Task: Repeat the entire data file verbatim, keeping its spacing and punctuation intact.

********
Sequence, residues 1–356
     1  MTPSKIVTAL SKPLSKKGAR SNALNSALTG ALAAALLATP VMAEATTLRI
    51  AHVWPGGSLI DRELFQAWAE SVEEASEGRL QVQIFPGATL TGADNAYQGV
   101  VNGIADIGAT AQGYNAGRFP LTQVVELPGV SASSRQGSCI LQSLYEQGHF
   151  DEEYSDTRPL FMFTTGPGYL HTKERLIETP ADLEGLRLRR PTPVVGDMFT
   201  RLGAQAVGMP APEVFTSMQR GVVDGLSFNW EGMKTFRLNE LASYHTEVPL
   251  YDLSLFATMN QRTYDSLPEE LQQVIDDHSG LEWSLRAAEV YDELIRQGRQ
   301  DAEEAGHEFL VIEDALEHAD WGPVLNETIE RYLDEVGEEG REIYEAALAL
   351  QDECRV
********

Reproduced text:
Sequence, residues 1–356
     1  MTPSKIVTAL SKPLSKKGAR SNALNSALTG ALAAALLATP VMAEATTLRI
    51  AHVWPGGSLI DRELFQAWAE SVEEASEGRL QVQIFPGATL TGADNAYQGV
   101  VNGIADIGAT AQGYNAGRFP LTQVVELPGV SASSRQGSCI LQSLYEQGHF
   151  DEEYSDTRPL FMFTTGPGYL HTKERLIETP ADLEGLRLRR PTPVVGDMFT
   201  RLGAQAVGMP APEVFTSMQR GVVDGLSFNW EGMKTFRLNE LASYHTEVPL
   251  YDLSLFATMN QRTYDSLPEE LQQVIDDHSG LEWSLRAAEV YDELIRQGRQ
   301  DAEEAGHEFL VIEDALEHAD WGPVLNETIE RYLDEVGEEG REIYEAALAL
   351  QDECRV